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UK rolls out lateral flow tests

By EARLE GALE in London | China Daily Global | Updated: 2021-01-11 05:55
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People walk and cycle at an intersection amidst the spread of the coronavirus disease (COVID-19) pandemic, in London, Britain Dec 23, 2020. [Photo/Agencies]

Move deemed 'a significant step forward' in curbing virus as infection rates worsen

The United Kingdom's health secretary said on Sunday, after the nation's most deadly day during the novel coronavirus pandemic, that more comprehensive testing alongside a vaccination program that will reach every adult by the fall will help to keep a lid on the situation.

Matt Hancock made the comments during The Andrew Marr Show, saying the rollout of vaccines will continue to be handled "according to need", with the most vulnerable people at the front of the line.

He added on Sky News's Sophy Ridge on Sunday that the most vulnerable 13 million people in the UK will have been offered a vaccination by the middle of February.

"We're on course," he said. "The rate-limiting factor at the moment is supply, but that's increasing. I'm very glad to say that, at the moment, we're running at over 200,000 people being vaccinated every day."

The news that the vaccination program is being rolled out quickly comes in the wake of a huge spike in novel coronavirus infections and a massive jump in the number of people being treated in hospital for the COVID-19 disease the virus causes. A record-breaking 1,325 people were reported to have died from COVID-19 on Saturday during the preceding 24-hour period.

The virus has been flaring alarmingly because of a new variant that was identified in the UK in December.

The variant, which is highly infectious, prompted Mayor of London Sadiq Khan to declare a "major incident" in the capital on Friday. He said the virus there is now "out of control".

Public Health England has estimated that one person in 100 now has the virus in London but the Office for National Statistics said it believes the number is more like one person in 30. Khan said he fears some parts of London are now running at a rate of one person in 20 with the virus.

He said the threat it now "poses to our city is at crisis point".

While people wait for their chance to be vaccinated, the authorities are trying to keep a lid on the spread by rolling out mass asymptomatic novel coronavirus testing this week.

The Evening Standard newspaper said people without COVID-19 symptoms who are unable to work from home will be prioritized for the fast-result tests that will enable so-called super-spreaders to be identified and asked to self-isolate.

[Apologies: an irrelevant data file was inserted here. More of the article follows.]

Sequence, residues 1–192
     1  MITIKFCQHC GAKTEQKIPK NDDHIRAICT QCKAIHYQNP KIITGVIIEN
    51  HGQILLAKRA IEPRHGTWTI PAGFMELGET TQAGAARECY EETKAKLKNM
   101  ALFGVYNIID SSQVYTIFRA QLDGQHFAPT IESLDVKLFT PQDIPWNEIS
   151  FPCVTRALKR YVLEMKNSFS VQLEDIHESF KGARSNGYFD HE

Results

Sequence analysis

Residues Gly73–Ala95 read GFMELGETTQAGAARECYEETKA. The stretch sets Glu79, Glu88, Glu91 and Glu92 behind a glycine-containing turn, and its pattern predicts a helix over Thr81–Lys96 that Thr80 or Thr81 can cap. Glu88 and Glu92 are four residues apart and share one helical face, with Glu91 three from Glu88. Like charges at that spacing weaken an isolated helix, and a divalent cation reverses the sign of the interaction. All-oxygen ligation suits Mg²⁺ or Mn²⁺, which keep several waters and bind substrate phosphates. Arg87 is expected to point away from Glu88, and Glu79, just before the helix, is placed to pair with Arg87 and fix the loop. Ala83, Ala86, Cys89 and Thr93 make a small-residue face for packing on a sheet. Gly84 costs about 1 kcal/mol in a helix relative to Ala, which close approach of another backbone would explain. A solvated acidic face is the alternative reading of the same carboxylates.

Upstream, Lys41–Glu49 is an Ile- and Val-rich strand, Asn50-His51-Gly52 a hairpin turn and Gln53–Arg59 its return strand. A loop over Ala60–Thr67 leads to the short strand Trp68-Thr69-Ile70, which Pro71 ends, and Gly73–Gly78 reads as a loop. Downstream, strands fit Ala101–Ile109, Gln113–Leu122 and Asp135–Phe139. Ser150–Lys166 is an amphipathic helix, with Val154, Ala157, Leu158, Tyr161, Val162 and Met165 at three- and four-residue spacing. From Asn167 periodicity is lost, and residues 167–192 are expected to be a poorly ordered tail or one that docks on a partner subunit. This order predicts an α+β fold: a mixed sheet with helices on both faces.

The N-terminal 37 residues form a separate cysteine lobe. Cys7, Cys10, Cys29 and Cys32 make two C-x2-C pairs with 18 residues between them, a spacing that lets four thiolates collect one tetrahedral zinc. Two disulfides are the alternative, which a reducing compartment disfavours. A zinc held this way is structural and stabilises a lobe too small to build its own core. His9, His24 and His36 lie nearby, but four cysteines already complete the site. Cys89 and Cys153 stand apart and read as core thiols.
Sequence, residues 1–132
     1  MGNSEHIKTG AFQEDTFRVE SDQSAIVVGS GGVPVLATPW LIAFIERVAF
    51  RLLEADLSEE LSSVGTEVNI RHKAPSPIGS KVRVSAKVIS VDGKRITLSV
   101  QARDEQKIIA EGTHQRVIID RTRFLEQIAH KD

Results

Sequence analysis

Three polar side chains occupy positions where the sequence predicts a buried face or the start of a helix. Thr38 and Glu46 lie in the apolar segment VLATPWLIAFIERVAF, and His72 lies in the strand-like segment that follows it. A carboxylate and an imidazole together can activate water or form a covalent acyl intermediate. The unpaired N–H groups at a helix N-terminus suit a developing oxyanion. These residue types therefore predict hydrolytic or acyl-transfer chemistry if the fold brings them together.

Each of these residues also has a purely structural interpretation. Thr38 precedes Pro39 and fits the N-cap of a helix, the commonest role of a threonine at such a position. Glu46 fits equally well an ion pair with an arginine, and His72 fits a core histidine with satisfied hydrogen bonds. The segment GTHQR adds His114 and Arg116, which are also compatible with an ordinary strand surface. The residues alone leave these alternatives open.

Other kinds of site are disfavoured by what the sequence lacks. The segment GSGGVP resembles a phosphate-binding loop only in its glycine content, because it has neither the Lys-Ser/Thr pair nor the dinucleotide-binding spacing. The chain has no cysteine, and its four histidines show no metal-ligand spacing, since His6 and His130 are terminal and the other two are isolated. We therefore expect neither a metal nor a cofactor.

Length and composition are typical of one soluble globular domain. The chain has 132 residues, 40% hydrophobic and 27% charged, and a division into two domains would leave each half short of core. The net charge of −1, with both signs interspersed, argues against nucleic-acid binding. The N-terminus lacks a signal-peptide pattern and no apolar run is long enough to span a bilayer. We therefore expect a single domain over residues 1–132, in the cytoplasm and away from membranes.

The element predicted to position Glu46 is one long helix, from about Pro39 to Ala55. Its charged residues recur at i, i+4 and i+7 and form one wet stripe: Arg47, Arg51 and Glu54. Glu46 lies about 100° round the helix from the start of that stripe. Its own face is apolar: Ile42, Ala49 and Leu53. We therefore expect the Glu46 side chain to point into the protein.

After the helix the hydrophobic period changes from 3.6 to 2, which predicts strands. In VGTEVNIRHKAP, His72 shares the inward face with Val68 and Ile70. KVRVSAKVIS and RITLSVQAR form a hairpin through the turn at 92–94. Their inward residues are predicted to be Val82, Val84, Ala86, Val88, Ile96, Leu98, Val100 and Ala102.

The Financial Times said the rollout of the tests, which are known as lateral flow tests, will enable all 317 English local authorities to offer rapid testing to their residents, with results known within half an hour.

The paper quoted Hancock as saying: "With roughly a third of people who have coronavirus not showing symptoms, targeted asymptomatic testing and subsequent isolation is highly effective in breaking chains of transmission. Lateral flow tests have already been hugely successful in finding positive cases quickly – and every positive case found is helping to stop the spread – so, I encourage employers and workers to take this offer up."

Prime Minister Boris Johnson said the tests offer another way for the nation to fight back against the virus.

"There are deeply challenging weeks ahead, but today signals another significant step forward in the race to protect the public, and defeat the virus," he said.

The UK's official COVID-19 death toll passed 80,000 on Saturday, with the number of people known to have had the disease through laboratory-confirmed tests now standing at more than 3 million. The number of people being treated in hospital for COVID-19 symptoms is also now at a record high.

Some experts have said the nation's lockdown may need to be tightened as a result, if there is to be any hope of regaining control.

The raging spread of the more infectious variant has led to unprecedented numbers of healthcare workers falling ill, The Guardian newspaper reports.

It said staff shortages are now putting additional strains on hospitals, which were already at breaking point because of the number of patients they have been treating.

In a letter to members of the British Medical Association, Chaand Nagpaul, the organization's chairman, said: "There are over 46,000 hospital staff off sick with COVID-19, heaping additional pressure on an already overstretched workforce struggling to manage even current critical care demand."

Nagpaul said it is vital, therefore, that healthcare workers are vaccinated as quickly as possible.

The Observer newspaper added that people are now more scared of the virus than they have been at any point since June. An Opinium poll carried out for the paper shows 79 percent of people now report being worried about the virus, with 36 percent of those saying they are actually very worried.

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